No waiting to respond until you get to a computer. No URL to enter using your phone keypad. It’s a direct response fundraiser’s dream! Unfortunately, because the necessary software has not been bundled with many smartphones, adoption of QR Codes has been rather slow. But the good news is that Facebook is apparently planning to offer QR Codes as part of its forthcoming location-based services. If so, then with over 400 million Facebook users out there, QR Codes could well take off very quickly indeed.
Location-based services using smartphones are actually the hottest topic in the mobile marketing world right now. So much so that they are being called ‘this year’s Twitter’. Basically these exploit the fact that increasing numbers of smartphones can identify their precise geographical location at any time, leading to all sorts of great new location-related applications. These began in a fairly basic form, such as letting you know where your favourite coffee shop chain had its nearest outlet. However, they have quickly evolved into far more sophisticated services.
Two of the leading players in this space are currently Foursquare and Gowalla. In both cases, users are awarded points for “checking-in” at specific locations, such as cafes, shops, or other places of interest, using the related application on their smartphones. They also earn badges for frequency or number of check-ins. Check-in locations may be pre-defined, based on specific corporate partnerships, or identified by users themselves. While integration with Facebook and Twitter means you’re always updated with where your online friends are whenever they check-in somewhere. Starting as location-based games, both services now have significant corporate backing and are essentially evolving into location-based social search/brand loyalty programmes. So, expect to hear a lot more about such ‘check-in’ applications in the near future.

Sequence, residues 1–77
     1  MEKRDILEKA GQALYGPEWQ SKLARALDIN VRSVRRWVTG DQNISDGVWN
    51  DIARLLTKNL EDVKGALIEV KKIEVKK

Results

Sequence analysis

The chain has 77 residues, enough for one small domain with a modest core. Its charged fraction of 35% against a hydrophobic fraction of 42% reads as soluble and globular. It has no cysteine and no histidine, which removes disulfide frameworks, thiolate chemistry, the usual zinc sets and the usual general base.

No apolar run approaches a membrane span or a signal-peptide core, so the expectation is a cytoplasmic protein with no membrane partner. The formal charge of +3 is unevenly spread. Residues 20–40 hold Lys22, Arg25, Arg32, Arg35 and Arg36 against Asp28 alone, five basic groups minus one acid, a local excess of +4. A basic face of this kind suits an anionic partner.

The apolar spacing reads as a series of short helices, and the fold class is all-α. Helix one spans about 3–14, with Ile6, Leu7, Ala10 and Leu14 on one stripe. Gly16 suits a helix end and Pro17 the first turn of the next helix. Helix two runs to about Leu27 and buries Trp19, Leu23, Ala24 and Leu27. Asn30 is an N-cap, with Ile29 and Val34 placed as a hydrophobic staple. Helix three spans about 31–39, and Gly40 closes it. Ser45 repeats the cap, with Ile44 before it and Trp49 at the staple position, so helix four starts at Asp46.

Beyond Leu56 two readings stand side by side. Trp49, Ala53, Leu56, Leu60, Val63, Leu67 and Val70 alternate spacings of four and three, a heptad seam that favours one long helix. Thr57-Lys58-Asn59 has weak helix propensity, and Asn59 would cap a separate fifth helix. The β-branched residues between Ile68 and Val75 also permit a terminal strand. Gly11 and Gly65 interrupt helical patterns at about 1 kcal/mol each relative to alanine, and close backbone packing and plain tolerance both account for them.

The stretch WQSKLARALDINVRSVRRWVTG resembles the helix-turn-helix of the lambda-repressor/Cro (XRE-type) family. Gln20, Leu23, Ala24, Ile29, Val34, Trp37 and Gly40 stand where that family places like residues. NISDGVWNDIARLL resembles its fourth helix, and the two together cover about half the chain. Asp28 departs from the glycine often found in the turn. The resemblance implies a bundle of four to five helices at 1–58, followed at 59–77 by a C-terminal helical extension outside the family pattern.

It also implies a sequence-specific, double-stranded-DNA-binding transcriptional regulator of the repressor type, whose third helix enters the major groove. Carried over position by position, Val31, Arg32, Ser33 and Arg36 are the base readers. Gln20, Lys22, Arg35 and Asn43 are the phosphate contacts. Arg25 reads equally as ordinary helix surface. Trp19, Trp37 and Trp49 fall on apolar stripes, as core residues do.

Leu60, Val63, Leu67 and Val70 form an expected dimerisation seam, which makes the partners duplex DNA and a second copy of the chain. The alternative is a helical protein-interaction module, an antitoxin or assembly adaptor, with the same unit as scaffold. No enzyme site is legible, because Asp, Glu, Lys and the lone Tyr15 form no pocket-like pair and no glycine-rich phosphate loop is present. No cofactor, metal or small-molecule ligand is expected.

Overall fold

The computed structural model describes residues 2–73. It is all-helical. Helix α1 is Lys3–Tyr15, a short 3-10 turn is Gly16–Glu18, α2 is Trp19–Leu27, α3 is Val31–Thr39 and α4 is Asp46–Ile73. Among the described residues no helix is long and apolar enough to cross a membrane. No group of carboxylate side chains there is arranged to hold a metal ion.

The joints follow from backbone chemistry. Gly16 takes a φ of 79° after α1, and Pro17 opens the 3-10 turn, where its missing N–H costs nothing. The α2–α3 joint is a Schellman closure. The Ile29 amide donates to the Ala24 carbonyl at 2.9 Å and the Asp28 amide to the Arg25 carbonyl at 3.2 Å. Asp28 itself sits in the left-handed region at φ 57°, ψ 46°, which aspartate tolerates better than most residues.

For a charitable take on ‘check-in’ applications, take a look at CauseWorld. Described as ‘the first mobile application that lets you do good deeds simply by walking into a store’, CauseWorld users earn ‘karma points’ when they check in at participating stores and these can then be donated to specific causes. In turn, participating non-profits can then exchange points received for cash donated by participating corporates. Big brands already supporting CauseWorld, to the tune of some $1m, include Kraft Foods, Citi, and Proctor and Gamble.
A completely different use of smartphones for fundraising is offered by ‘Square’. This is basically a small (square) device that attaches to your phone via the headphone socket and enables you to take credit card transactions and validate them online, with SMS or email receipts generated automatically. Currently still in beta test in the US, it has already been used by several political campaigners and by the non-profit charity:water to take donations at events. Essentially turning a smartphone into a credit card-friendly electronic collection tin. How great is that!
Now, I’ve really only scratched the surface here of what is possible when you start to tap into the incredibly rich functionality that smartphones offer. But hopefully I’ve shared enough to enthuse you about the new opportunities potentially on offer to fundraisers looking to engage with smartphone wielding donors.
One last thought though. Before you head off to consider super-sophisticated ways to exploit smartphone technology, best start with some basics. A report released by Experian CheetahMail at the end of 2009 revealed that while 25% of people now access their emails via a mobile phone, bad formatting for mobile devices results in almost a third of permission-based emails received in this way being deleted unread. So, if you do nothing else for your smartphone donors, please do make sure that your emails can be read properly on their smart little mobile devices. At least that way, when you do develop cooler smartphone applications you will be able to let them know!
Bryan Miller is a marketing and fundraising strategist with over 20 years experience with a wide range of commercial and non-profit brands across Europe and the US. He has worked as Planning Director at several direct response agencies as well as heading-up the central Strategy and Consumer Insight department at Europe’s largest fundraising charity, Cancer Research UK. In late 2009 he established the consultancy Strategy Refresh and now works with charities worldwide to help them take a fresh approach to their strategic planning. He is a regular writer and conference speaker, particularly with regard to digital communications and fundraising, and author of the popular online fundraising blog givinginadigitalworld.org.
Copyright, The Resource Alliance; posted with permission.